Recently I read something about adoption that went viral. Being an adoptive mom, I like when adoption stories gain a lot of positive attention. This particular piece certainly did. It was beautiful! But I have one small problem with it. The social worker referred to the baby as a “stork drop situation.” I’m not really a fan of that language. Apparently stork drop adoptions are when the baby is already born and the agency is looking to place the baby immediately with a family.
According to that definition two of my babies could be considered stork drops. But no, they absolutely were not dropped by a stork or fell out of the sky. I get that it’s a cutesy term and not one to be taken literally. But I still don’t like it.
I promise you that I’m not overly sensitive when it comes to adoption or otherwise. I understand that a lot of people don’t always get the ins and outs of adoption. I am more than happy to give people the benefit of the doubt. But this is an adoption professional whom I assume learned that lingo from the adoption agency. That worries me a bit.
My biggest problem with that term is that it implies these babies came out of nowhere. That’s simply not true. They were created in the same basic way that you and I were. All 3 of my children (whether I knew they were coming or not) have birth parents who lovingly brought them into this world. They deserve credit for that. To refer to children as stork drop situations implies there were no parents. I will never dismiss the important role that my childrens’ other parents play. Without them, my kids simply would not exist.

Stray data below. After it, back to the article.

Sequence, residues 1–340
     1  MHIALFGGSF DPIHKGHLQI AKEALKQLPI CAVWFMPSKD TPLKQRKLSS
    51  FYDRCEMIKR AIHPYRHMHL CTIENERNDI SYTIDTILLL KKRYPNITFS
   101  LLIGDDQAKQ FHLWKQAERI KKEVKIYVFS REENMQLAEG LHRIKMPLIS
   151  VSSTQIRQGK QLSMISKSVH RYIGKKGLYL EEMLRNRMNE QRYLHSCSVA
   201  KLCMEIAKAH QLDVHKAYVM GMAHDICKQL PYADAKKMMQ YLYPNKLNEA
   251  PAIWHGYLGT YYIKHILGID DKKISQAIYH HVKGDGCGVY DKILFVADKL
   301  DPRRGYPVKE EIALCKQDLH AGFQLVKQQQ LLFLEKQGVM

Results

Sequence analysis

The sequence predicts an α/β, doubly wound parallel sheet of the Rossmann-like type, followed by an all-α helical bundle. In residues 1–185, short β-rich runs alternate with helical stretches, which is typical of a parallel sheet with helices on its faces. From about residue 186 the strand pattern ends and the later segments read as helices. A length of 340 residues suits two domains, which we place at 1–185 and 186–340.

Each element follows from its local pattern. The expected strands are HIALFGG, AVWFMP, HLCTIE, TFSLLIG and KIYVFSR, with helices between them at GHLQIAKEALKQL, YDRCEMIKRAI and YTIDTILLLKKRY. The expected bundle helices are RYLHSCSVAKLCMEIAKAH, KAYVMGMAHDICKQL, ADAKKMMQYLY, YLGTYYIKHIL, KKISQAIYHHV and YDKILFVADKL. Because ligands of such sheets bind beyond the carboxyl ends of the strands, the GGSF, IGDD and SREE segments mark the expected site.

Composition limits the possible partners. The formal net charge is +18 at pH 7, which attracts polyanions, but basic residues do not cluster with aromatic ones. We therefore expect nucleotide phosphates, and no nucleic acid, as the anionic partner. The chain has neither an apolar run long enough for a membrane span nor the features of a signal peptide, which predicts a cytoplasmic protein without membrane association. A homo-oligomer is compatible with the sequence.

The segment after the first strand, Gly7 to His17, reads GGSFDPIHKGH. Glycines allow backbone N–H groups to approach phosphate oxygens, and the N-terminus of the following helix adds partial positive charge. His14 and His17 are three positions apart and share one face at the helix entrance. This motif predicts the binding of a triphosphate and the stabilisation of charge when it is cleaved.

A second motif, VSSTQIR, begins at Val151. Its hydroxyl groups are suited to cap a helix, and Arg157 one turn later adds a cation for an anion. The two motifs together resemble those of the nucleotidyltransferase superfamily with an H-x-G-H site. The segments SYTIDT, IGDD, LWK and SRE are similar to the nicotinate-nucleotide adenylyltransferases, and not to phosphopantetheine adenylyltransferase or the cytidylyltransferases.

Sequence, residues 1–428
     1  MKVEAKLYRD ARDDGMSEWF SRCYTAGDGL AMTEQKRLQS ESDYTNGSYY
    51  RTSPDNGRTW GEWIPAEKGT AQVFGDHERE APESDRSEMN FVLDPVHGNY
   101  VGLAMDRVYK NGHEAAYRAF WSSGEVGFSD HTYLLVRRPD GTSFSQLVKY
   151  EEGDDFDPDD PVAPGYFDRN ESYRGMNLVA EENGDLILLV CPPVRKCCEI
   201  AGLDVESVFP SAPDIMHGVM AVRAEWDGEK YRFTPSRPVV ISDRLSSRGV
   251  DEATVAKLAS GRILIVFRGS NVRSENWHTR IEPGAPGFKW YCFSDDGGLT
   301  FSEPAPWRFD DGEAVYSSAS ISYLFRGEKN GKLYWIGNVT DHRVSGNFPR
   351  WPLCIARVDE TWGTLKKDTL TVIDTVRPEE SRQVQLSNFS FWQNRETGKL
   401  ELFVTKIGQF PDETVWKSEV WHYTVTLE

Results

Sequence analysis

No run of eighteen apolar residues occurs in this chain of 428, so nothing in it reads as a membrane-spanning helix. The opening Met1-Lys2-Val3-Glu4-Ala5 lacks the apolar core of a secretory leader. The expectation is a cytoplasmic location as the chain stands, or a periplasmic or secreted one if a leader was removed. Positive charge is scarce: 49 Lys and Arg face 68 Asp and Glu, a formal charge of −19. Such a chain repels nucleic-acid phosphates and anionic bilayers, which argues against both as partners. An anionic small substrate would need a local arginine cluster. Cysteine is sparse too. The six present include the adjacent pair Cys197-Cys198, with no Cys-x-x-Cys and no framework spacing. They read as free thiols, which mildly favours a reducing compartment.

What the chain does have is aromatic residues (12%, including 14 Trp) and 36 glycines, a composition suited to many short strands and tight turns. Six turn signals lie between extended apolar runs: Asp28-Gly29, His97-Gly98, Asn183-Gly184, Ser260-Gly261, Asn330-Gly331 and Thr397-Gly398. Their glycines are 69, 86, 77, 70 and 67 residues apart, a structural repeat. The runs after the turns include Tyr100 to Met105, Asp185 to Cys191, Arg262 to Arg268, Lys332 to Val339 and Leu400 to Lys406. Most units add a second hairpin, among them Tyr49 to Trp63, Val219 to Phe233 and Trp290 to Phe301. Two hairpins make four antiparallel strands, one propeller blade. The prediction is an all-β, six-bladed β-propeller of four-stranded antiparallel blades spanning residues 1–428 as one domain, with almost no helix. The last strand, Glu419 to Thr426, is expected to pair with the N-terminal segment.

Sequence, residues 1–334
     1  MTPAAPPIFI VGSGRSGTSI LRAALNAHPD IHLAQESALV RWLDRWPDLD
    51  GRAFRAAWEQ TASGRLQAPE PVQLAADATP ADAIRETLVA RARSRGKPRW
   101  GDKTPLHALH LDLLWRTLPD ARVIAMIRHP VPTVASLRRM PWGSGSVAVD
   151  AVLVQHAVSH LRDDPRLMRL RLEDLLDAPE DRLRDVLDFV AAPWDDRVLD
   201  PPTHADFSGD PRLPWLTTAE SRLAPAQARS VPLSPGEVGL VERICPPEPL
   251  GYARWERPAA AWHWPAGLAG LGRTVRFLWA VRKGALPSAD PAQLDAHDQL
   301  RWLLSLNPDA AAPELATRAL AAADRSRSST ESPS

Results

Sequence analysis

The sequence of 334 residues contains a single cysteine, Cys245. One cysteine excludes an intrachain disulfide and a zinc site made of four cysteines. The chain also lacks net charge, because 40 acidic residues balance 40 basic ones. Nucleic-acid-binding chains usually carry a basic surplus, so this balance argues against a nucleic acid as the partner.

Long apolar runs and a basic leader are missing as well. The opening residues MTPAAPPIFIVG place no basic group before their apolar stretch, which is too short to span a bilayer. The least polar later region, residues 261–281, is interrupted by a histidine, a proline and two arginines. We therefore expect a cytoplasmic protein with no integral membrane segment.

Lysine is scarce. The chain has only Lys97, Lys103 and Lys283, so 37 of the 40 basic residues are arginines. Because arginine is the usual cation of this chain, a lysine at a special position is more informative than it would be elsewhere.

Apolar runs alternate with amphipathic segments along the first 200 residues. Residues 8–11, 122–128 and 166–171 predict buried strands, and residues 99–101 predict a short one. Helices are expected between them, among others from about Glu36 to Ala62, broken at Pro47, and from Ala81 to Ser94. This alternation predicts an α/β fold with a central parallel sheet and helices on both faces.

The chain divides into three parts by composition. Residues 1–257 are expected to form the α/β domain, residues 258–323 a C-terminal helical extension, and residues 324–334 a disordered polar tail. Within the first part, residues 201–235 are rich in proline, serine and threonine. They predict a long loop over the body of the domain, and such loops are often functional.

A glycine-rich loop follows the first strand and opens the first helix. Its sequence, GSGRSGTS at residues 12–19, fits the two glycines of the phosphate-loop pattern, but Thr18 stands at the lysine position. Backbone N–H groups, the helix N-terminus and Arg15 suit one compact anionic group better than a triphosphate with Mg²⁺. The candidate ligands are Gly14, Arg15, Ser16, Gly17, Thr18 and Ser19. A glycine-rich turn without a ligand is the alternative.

Not only does the term stork drop eliminate the birth parents it takes away that biological connection for the kids. Kids want to know where they came from. And that’s a basic human right. They should have that right like most of us do. I know that life isn’t fair and it doesn’t always work out that way. My heart breaks for those who don’t get to know their story in its entirety.
Unfortunately, my youngest daughter’s adoption is closed. Unless something changes, my youngest won’t know where she came from. She won’t get to know her first mom, the woman who brought her into this world. But she will absolutely know that she wasn’t dropped out of the sky, delivered by a random stork. She’ll know she has birth parents who have their reasons for staying in the shadows. But most importantly she’ll know she is loved and very much wanted. Just like my other kids and all of yours.
And to that family featured in the piece that went viral… congratulations on your newest miracle!